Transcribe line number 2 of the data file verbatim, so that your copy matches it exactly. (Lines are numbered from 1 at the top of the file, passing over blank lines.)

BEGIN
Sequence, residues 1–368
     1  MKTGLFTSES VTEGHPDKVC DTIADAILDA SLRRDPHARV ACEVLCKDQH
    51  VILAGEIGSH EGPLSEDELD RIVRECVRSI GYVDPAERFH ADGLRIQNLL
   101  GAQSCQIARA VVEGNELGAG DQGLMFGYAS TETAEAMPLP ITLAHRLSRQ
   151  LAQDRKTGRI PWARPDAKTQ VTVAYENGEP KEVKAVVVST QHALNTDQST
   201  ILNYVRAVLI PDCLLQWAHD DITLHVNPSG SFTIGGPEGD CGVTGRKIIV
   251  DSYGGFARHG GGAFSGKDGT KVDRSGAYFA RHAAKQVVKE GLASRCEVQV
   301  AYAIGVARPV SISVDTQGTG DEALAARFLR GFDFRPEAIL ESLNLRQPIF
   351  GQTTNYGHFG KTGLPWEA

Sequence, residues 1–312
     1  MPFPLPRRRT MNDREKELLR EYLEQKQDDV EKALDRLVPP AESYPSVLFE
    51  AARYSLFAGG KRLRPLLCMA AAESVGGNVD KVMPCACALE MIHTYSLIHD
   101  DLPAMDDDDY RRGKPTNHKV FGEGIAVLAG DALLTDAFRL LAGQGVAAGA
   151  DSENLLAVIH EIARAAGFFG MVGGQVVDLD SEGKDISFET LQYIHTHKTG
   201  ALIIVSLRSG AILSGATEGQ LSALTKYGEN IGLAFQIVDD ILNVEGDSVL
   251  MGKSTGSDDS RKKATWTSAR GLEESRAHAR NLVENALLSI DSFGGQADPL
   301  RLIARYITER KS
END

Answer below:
     1  MKTGLFTSES VTEGHPDKVC DTIADAILDA SLRRDPHARV ACEVLCKDQH